“I hate myself for what happened.  Father was trapped in the Fade because of me, and I thought I’d killed you.  I understood why mother ran.  How far away from an abomination was I, that I was capable of such things?  I should have been made tranquil, cut off from the Fade.”

It took a moment to process this information.  I thought she’d had no regret, that she’d done what she had because she’d wanted to.  It never occurred to me that maybe she’d been as horrified as me.

She continued quietly, “I begged them to take me to the Circle Tower.  They decided against it.  I knew something wasn’t right, but I thought, even if they made me tranquil, at least… they’d have you.”

I was stunned.  I reached for something that wouldn’t rend my whole basis for becoming a templar.

“Why Orzammar?”

The pained look returned.  “I was trying to control my abilities, and found a Dalish tribe who was sympathetic to me.  But they knew of nothing that would help, aside from killing me outright.  At that point, Elin wouldn’t allow it,” she smiled faintly at him, and he moved to her side.  That could be problematic, two against one.  “I left before anything happened, and Elin came with me.  I tried forcing myself to stay awake, to not allow myself in the Fade, but that was impossible.  I failed miserably in Highever.  Then I thought of Orzammar.  Maybe, since the dwarves have no magic, I wouldn’t be able to affect them.  I want to stop hurting people.  Evaine, I’m… sorry for what happened.”

It was too much.  I didn’t believe her, couldn’t believe her.

“That can’t be true,” I muttered.  “Because of what happened, I became a templar.”

Candra’s face was unreadable, but Elin growled, “Why can’t you see she has a good heart?  She doesn’t mean for anything bad to happen.”

“The problem is that bad things keep happening.  One way to solve that problem is to become tranquil,” I replied sharply.

“I deserve nothing less,” agreed Candra.  Elin looked startled.

“What?  No.  No!”

“Elin,” she said, touching his face gently.  “You have to let me go.”

Tears formed in his eyes, and he was clenching his jaw.  In a sudden movement, he leaned forward and kissed her.  I was surprised by the tender display, but turned, as the moment felt intimate.

I heard Candra gasp and whirled around.  Elin was backing away, tears running down his cheeks.  Candra was clutching her chest, from which a knife’s hilt protruded.  Blood was seeping onto her clothes.  She fell to her knees.  I moved without thought to her side.

“I won’t live in a world where you have been made tranquil,” I heard Elin whisper.  “I can’t.”  He bolted past me.

Astonishment rooted me there.  Gingerly, I touched where the blade had struck, feeling her blood on my fingers.  My mind was trying to come to terms with what had happened.

She was dying, and not by my hand.  But then, she wasn’t what I had expected.  If I had killed her, would it have haunted me?  Or would I be more upset that I hadn’t been the one to strike her down?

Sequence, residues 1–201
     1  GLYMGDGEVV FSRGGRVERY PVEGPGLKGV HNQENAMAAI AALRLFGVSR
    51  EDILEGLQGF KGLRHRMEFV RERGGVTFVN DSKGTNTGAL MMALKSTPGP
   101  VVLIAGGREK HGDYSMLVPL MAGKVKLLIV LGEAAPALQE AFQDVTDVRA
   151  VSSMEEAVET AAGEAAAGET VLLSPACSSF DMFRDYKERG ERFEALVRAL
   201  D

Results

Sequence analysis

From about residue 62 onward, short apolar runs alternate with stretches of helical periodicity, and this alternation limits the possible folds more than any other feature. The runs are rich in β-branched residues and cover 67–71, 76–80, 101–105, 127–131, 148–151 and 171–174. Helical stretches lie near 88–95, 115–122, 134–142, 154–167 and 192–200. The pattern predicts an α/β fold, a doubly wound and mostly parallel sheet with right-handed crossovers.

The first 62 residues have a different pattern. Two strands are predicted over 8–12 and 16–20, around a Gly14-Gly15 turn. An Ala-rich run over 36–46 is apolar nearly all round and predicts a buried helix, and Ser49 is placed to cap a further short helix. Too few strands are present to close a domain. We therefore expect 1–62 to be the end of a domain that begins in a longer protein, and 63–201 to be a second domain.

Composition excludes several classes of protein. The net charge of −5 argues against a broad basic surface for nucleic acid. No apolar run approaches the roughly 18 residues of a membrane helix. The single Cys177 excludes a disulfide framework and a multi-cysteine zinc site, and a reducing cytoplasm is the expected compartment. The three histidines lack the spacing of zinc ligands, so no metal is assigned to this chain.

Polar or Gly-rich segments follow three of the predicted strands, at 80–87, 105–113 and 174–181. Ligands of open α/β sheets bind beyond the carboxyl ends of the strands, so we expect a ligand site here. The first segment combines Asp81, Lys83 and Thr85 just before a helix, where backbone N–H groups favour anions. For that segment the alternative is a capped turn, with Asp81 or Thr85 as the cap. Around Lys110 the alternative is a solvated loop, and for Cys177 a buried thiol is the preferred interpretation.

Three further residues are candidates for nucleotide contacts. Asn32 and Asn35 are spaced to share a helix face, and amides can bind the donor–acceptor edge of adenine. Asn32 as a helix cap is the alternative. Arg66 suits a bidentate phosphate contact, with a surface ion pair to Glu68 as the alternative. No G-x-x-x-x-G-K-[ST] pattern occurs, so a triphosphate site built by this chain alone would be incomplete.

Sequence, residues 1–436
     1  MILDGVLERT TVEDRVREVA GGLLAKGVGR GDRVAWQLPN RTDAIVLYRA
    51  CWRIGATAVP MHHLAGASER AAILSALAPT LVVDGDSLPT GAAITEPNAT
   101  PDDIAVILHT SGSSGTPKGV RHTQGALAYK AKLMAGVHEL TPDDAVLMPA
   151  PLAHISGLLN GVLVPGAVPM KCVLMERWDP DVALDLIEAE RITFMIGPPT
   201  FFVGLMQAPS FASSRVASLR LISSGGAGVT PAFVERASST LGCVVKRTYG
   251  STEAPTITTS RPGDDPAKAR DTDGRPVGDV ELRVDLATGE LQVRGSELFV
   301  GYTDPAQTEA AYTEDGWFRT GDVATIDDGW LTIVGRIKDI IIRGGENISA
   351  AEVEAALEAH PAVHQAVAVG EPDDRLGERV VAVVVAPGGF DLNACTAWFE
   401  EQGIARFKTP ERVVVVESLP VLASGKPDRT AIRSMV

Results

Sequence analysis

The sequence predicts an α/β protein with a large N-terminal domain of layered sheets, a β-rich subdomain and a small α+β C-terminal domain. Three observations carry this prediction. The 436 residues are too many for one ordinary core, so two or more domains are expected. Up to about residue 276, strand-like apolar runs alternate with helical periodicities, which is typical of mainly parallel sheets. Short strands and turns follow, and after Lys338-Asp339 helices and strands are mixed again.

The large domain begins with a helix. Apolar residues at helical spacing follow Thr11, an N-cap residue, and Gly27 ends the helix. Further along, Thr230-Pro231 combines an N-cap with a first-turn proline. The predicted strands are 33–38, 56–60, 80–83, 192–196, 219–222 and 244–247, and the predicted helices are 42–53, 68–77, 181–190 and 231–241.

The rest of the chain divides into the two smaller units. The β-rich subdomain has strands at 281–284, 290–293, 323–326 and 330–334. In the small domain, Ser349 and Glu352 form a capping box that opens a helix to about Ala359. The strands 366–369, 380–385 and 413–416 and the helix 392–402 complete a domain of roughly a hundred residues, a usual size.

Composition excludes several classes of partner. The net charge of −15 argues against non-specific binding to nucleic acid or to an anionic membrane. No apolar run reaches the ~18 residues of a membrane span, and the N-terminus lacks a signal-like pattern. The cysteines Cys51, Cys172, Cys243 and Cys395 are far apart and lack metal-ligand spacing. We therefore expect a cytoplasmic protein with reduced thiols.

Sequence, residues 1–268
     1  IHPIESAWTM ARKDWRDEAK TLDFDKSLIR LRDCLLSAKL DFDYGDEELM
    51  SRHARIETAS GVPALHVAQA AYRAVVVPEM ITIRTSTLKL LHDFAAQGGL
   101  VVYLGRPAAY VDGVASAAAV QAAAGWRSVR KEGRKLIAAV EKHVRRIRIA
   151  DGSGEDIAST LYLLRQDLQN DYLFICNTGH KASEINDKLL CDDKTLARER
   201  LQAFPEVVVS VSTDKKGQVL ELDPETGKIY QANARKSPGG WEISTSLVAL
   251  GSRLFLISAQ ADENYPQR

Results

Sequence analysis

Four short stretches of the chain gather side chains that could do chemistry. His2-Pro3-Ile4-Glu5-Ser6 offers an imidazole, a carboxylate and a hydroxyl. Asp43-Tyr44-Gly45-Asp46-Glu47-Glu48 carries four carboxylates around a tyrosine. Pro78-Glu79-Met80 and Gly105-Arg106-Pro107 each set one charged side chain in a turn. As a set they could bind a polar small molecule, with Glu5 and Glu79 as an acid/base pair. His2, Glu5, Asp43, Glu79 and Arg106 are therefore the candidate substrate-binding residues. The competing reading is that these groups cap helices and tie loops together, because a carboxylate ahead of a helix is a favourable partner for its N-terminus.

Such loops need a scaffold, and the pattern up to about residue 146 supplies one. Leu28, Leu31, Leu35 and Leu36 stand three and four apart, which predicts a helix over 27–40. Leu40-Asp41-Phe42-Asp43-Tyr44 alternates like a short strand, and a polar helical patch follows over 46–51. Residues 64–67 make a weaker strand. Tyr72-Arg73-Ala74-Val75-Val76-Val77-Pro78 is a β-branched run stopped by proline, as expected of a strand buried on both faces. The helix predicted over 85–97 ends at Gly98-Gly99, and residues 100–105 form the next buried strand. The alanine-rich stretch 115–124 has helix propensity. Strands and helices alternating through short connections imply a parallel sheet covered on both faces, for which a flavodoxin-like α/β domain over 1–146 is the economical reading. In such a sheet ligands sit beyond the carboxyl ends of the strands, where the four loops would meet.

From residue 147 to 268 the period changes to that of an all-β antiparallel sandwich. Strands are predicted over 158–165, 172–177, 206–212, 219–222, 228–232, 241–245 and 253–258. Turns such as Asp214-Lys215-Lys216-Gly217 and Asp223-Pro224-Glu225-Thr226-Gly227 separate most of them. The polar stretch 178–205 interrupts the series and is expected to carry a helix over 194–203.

It was incomprehensible.  The fury was waning, unsure of how to react.

“Evaine,” she swallowed with difficulty.  “I’m sorry for the way things happened.  Please… forgive me.”

I looked into her blue eyes and saw my reflection.  Here we were, twin sisters reuniting; so alike, yet so different.  One twin, a dreamer, everything a templar would fear, but in her heart, remorse for the suffering she’d caused and a desire give up her abilities.  The other, a templar hunter, who had lived in the shadow of what her sister had done, who held on to bitterness all her life, spent it searching for the one who had wronged her.

“I… ” The words stuck in my throat.

Tears slid past her temple, dripping to the ground.  A sigh escaped her lips.

She was gone.

 

I am Evaine, a half breed with a heavy heart of regret, who wasted years on a misguided idea.  I am still an unofficial templar hunter, but my motivation does not come from the Maker.

It comes from the need to give others a second chance.

 

-Kat

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Rating: 5.0/5 (1 vote cast)

Fallout 3 Appreciation: All in the Atmosphere

SPOILER ALERT FOR FALLOUT 3

Seeing as how the Elder Scrolls V: Skyrim releases in a little over a week (Vote for what console you want Kat to play Skyrim on!), I wanted to take a look back at another game brought to us by Bethesda, Fallout 3.  I know that this game is old news; heck, even the full game expansion pack is likely old enough to be under $30 at your local retailer.  But I wanted to take a step back and examine what made Fallout 3 great.

When Fallout 3 first came out, I was only mildly interested, if that.  A game about a post-apocalyptic, war-torn land, with crazily mutated beings wasn’t exactly up my alley.  A friend brought the game over and showed me the gory head explosions (or whatever limb you happened to target) and seemed even less likely that I’d want to try it.

Fallout 3 Centaur

Yeah, this is really NOT what I picture when I think 'Centaur'.